To the Editor:

We have read with great interest the study by de Paula et al., about selective visuoconstructional impairment following mild COVID-19 with inflammatory and neuroimaging findings [1]. The article contributes to the evidence suggesting cognitive and structural brain consequences of SARS-CoV-2 infection at 4.35 ± 2.45 months after the RT-PCR confirmation.

We congratulate the authors on performing this study involving a large cohort of patients with COVID-19 that were evaluated multimodally, including neuroimaging (structural MRI and FDG-PET), blood biomarkers and cognitive assessments after the acute onset of the infection. Research on the neuropsychological performance after SARS-CoV-2 infection is needed to better understand the consequences of COVID-19. Growing body of evidence confirms the presence of cognitive, neuroimaging and pathological implications of SARS-CoV-2 infection [2,3,4,5], and this study adds scientific contributions to the field. However, we would like to highlight some results from the present study that captured our attention.

The authors reported a frequent impairment in the Rey-Osterrieth Complex Figure (ROCF) copy. These findings contrast with other studies in the literature on patients after COVID-19. For instance, in our experience, in patients after 9 months from the acute phase, we found no impairment in ROCF copy compared with the normative data, while other cognitive domains such as attention, executive functions and memory showed dysfunction [5]. According to the other case series reported up to date using comprehensive neuropsychological assessment and normative data or healthy controls as reference, cognitive profile in patients after COVID-19 (especially in those reporting cognitive complaints) is usually characterized by a predominant attention/processing speed dysfunction, executive and episodic memory deficits [2, 5, 6]. Conversely, tests such as the copy of a complex figure are largely preserved or only impaired in patients with impairment in several cognitive domains [5, 7]. On the contrary, patients from the present study revealed impairment of ROCF copy in 24% of the sample (shown in Table 1), which is curious in post-COVID patients, especially in the absence of cognitive deficits in other cognitive domains.

Furthermore, using a cutoff of z < −1.5 SD, the authors found 24% of impairment in ROCF copy, 5% of impairment in ROCF immediate recall and 7% of impairment in ROCF delayed recall in these post-COVID patients. Following previous studies, the performance in ROCF copy influences ROCF immediate and delayed recall results [8, 9]. When the patient shows impairment in ROCF copy performance, the patient will usually drag the same errors in the subsequent ROCF immediate and delayed recall scores, added to the possible memory errors that may arise. This would generally result in a similar or worse score in these following subtests [10]. It is unexpected to obtain a much better performance in ROCF immediate and delayed recall when ROCF copy is highly impaired (as shown in Table 1 and Supplementary Fig. 1).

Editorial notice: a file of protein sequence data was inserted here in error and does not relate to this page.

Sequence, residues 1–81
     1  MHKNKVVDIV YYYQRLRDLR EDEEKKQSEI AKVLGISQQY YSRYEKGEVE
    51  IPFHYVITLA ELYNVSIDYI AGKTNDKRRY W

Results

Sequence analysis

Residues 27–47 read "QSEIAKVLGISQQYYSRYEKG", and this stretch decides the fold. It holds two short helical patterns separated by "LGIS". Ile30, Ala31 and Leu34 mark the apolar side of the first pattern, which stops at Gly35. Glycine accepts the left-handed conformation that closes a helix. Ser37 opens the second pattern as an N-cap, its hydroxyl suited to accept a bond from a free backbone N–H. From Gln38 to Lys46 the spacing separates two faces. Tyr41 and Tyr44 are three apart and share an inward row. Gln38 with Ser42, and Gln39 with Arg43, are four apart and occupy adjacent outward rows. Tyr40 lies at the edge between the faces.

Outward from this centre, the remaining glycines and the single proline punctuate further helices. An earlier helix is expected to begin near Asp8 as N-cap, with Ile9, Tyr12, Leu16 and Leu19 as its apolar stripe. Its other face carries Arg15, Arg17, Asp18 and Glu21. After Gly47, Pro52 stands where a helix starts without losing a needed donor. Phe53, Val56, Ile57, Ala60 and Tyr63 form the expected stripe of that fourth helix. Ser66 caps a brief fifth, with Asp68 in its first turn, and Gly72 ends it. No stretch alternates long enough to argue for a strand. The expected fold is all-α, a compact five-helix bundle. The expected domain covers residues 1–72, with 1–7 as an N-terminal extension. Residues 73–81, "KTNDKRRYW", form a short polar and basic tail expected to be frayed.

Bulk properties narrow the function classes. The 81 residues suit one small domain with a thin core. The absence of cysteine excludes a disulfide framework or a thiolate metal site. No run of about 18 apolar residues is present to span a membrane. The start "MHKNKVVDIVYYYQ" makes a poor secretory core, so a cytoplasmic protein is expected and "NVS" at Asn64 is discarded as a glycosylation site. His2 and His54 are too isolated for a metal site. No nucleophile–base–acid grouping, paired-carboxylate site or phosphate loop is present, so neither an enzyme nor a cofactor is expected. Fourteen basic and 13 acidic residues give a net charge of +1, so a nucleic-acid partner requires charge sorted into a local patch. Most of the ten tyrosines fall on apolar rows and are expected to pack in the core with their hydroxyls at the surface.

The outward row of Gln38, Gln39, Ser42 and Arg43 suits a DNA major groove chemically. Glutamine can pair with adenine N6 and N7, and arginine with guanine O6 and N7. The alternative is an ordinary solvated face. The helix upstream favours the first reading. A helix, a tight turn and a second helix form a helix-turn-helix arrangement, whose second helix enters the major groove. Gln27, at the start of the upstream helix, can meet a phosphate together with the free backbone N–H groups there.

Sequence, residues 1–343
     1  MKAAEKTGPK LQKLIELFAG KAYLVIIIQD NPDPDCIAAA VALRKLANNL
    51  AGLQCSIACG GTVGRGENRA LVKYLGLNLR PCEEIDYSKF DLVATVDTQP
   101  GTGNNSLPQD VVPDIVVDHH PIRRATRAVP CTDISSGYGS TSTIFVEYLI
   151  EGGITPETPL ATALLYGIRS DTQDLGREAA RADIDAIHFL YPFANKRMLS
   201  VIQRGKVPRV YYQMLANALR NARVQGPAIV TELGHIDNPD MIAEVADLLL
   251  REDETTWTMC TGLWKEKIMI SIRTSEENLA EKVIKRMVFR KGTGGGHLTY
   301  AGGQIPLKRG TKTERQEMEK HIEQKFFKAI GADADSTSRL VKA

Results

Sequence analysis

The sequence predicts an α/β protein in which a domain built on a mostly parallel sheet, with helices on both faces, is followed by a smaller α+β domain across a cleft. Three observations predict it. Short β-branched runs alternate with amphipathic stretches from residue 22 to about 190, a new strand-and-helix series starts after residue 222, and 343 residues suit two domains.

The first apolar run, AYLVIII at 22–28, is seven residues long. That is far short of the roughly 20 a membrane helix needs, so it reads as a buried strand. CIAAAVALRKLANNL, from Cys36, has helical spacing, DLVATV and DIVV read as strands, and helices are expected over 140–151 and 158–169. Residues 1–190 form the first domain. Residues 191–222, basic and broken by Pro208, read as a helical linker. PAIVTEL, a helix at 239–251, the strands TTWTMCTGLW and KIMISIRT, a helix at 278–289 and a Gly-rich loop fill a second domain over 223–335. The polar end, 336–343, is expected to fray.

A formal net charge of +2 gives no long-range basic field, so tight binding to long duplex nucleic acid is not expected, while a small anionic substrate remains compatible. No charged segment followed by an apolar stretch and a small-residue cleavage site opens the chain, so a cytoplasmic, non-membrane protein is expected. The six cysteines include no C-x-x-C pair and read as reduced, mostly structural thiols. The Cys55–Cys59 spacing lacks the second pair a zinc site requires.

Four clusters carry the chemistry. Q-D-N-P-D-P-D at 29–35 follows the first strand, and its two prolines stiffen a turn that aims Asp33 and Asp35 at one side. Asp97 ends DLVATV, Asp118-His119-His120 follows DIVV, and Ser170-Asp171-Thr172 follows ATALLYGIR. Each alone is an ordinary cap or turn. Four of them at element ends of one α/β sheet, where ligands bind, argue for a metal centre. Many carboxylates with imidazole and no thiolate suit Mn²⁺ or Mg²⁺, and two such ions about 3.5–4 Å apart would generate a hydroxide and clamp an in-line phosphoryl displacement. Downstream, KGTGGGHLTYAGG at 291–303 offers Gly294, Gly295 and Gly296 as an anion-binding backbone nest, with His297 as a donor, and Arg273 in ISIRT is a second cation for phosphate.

Additionally, we observed in Table 1 that the mean score of ROCF (copy) was 34.14 ± 2.95 for the COVID-19 patients and 29.22 ± 4.41 for the control group. Similarly, scores in the ROCF immediate recall and ROCF delayed recall were also higher in the COVID-19 group than in the healthy control group.

It would be of great interest for the readers to share the reference of the Brazilian normative data and the details of the normative study in comparison with the sample enrolled in the study. It would help in the better understanding of the scores of these tests in the population and especially, in the results of the present study. In addition, the details of the neuropsychological test scores in Table 1 should be specified (i.e., whether the scores are raw scores, number of items, seconds, percentiles, etc. is important for the interpretation), as there are some tests with unexpected scores (e.g., Digit Span Forward with a mean score of 51.16).

Finally, the authors conducted a voxel-based brain mapping analysis for T1-MRI and FDG-PET imaging, investigating the correlation between the ROCF score and brain volumes and metabolism. This is a well-known and validated method in research, and results are very valuable to disentangle the mechanisms underlying cognitive deficits in post-COVID patients. However, one of the main issues of this approach is the risk of type I errors due to multiple comparisons because the general linear model is applied to each voxel in the image [11]. Because the authors report some large clusters, especially in white matter volume, we wondered whether these clusters survived an FWE or FDR correction [12].

The study of the neurological consequences of COVID-19 is a rapidly growing research area, and many studies are in progress. For this reason, we believe it is essential to advance in discussing methodological aspects and potential biases of each work to improve the comparability between studies. Thus, our letter aims to raise some methodological aspects to enhance our knowledge on this important issue with great health and social impact.